Taken from Optics: Perspective and Detachment in the Counterinsurgency Series.
Whoever is closest to the job is most responsible for it. The body understands this, and will help compensate for weaknesses and imbalances. It will do so involuntarily, and thus is a process unbeknownst to you, but you have to know, because you are the Leader.
An example of this is when one muscle compensates for a weaker, phasic muscle. Another example is when one of your subordinates is taking on too heavy a load due to others’ negligence or incompetence.
As a Diplomat King, it is still your job to fulfill the job role of a Commander if necessary, and you must communicate with your troops. But instead of providing tactical training, you should communicate by sharing your values down the chain of command.
Muscles are trained by the nervous system, not by the Commander directly. This is an example of delegating responsibility, and the body does it perfectly. The peripheral nervous system communicates the needs of the body to the muscular system, it is an intelligence-gathering service for the body – your CIA.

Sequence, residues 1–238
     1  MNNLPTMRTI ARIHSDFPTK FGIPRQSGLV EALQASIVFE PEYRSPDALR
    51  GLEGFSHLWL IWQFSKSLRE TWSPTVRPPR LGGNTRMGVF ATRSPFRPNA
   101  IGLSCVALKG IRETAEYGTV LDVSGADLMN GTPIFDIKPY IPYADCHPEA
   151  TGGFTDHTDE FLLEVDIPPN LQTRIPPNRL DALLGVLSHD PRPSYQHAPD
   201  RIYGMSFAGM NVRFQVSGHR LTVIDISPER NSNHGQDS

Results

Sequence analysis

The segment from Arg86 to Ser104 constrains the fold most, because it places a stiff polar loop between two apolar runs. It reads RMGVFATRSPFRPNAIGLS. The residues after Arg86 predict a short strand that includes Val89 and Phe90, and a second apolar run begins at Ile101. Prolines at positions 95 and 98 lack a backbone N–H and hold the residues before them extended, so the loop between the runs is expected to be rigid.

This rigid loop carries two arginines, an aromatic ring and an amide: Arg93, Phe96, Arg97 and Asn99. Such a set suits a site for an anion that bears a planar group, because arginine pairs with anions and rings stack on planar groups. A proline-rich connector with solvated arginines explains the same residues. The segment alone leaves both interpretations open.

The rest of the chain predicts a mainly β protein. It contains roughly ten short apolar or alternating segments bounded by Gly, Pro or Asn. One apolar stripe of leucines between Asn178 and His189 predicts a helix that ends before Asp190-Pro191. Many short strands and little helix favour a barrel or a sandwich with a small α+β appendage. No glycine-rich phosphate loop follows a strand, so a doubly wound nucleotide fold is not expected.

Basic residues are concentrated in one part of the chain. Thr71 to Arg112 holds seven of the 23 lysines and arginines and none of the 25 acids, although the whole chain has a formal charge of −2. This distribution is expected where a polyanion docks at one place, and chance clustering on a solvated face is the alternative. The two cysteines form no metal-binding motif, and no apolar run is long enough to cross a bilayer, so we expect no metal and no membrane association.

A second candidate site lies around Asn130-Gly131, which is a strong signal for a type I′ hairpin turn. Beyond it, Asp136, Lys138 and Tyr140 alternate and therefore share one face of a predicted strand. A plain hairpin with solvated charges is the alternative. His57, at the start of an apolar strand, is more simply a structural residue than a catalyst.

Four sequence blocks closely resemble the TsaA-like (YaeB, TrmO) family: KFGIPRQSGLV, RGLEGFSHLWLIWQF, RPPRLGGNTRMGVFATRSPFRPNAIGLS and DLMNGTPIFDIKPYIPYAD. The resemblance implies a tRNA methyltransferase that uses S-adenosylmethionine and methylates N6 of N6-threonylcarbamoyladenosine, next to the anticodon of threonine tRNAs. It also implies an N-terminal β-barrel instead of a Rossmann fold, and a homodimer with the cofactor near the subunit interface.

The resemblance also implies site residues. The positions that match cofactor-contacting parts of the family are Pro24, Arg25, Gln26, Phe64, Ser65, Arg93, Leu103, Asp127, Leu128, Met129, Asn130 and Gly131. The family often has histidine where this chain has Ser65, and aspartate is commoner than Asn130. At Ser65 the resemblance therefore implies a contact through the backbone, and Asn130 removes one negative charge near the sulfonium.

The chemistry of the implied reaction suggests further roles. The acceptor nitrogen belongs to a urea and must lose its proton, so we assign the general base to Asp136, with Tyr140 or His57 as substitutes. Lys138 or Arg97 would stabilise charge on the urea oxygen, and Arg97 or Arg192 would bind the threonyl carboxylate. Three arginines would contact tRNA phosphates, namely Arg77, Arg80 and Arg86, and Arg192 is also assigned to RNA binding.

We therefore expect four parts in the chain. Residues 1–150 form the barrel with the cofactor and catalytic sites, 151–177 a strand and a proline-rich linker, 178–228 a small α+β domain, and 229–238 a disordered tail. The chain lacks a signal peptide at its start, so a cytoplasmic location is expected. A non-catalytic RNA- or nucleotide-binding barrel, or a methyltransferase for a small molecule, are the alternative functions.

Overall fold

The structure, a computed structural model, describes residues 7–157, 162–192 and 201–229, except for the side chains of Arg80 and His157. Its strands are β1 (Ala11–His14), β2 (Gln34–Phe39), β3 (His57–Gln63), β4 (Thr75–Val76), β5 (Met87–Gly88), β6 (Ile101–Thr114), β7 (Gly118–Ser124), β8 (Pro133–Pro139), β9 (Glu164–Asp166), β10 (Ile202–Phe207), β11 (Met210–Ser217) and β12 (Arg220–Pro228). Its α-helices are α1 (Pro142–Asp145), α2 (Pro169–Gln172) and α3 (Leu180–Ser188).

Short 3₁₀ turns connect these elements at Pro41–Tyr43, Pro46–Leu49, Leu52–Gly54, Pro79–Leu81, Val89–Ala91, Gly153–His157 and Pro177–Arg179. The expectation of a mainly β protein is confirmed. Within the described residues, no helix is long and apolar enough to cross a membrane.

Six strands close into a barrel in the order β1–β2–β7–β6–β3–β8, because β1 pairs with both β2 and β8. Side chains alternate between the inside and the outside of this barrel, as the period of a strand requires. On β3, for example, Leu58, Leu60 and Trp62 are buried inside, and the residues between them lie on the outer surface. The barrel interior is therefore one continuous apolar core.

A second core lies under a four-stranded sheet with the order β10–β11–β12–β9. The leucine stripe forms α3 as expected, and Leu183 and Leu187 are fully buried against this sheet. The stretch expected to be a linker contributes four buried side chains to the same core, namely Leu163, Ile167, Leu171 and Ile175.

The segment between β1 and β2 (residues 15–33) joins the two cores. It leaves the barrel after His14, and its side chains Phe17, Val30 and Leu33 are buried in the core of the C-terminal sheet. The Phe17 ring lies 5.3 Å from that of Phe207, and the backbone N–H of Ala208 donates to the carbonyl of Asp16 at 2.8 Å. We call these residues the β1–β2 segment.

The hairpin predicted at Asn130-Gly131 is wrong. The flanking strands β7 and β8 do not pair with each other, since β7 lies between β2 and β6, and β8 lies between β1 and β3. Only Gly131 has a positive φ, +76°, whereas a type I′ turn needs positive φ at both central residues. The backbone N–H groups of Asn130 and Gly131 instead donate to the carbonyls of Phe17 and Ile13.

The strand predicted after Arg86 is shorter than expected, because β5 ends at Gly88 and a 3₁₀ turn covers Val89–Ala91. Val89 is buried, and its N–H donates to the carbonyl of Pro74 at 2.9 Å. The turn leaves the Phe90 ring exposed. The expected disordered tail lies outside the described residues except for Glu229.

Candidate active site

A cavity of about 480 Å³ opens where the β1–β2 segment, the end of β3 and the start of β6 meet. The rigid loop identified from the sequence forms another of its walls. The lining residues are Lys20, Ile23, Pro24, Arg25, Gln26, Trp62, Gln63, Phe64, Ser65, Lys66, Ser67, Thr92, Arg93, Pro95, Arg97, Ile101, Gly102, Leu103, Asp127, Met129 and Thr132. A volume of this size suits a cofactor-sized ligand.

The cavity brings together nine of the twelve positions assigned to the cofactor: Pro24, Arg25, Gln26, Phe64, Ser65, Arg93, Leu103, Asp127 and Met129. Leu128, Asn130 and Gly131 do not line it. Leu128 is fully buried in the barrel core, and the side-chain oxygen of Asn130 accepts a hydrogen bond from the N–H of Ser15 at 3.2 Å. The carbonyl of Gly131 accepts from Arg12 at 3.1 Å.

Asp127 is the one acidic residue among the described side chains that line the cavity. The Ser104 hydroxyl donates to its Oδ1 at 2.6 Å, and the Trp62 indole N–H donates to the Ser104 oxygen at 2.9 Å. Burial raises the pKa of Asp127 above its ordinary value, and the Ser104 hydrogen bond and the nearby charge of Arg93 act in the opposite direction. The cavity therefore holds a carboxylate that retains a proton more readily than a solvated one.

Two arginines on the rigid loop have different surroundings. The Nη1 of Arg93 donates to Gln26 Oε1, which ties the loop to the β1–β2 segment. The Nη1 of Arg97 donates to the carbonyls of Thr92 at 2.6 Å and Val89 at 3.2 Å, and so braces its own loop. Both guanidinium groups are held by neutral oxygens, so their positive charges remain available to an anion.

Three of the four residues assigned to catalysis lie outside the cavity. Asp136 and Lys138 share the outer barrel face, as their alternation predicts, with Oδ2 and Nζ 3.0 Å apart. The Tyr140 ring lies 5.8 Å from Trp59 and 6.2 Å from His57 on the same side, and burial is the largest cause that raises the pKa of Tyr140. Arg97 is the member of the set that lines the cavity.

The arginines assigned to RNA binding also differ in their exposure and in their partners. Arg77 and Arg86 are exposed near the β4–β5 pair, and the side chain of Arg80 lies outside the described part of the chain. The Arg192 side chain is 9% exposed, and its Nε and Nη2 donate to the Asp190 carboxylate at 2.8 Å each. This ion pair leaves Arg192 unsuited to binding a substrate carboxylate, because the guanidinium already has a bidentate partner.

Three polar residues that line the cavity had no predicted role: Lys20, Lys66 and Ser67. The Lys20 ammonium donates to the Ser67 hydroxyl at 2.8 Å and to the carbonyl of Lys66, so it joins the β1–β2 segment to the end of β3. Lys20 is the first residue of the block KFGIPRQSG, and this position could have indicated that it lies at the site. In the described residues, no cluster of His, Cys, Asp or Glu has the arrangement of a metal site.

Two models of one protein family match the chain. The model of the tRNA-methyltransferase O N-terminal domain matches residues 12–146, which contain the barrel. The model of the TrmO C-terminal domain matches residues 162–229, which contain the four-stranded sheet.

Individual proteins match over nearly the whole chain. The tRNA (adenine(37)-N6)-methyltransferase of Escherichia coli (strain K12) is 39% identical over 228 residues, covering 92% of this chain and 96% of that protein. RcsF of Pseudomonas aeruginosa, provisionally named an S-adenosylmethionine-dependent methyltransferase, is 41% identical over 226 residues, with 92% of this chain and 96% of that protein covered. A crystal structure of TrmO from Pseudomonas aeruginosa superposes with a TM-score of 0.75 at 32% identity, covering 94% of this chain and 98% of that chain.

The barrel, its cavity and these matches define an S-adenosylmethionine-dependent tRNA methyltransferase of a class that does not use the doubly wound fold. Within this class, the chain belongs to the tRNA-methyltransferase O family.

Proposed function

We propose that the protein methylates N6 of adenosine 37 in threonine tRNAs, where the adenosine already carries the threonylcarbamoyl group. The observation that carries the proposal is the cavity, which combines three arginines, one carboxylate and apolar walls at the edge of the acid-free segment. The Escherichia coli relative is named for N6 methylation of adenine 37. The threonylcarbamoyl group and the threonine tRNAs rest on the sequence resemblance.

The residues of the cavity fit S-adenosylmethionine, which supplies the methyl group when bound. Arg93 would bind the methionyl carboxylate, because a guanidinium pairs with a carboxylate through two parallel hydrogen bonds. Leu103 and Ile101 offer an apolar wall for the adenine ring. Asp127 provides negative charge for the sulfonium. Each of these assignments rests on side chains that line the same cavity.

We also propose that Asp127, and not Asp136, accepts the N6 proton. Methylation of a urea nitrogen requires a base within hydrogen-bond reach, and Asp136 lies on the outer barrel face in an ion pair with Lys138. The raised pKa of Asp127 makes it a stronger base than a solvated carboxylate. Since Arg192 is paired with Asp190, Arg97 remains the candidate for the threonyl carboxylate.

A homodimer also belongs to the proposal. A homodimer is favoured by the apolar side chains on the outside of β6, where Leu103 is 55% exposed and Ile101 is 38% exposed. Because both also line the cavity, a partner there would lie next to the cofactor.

I digress. Back to my point, the training of troops falls to combat leaders (the nervous system). The Commander has too broad a perspective to relate with the ground level troops. If he were to sit down and talk with a infantryman, they would have nothing to talk about.
The Commander would want to discuss supply lines and the national end state and the infantryman would say, “I just want to get home in one piece.” They can’t relate.
This is why delegation is so important. The Commander needs to delegate the training of the infantryman to a sergeant or a captain for two reasons:
- They are physically closer to the infantryman – they eat with them, sleep with them, and go out on patrol with them.
- They are closer to the infantryman in their perspective – they share more values (even if only a few) than the Commander shares with the infantryman.
Review the Perspective of Command.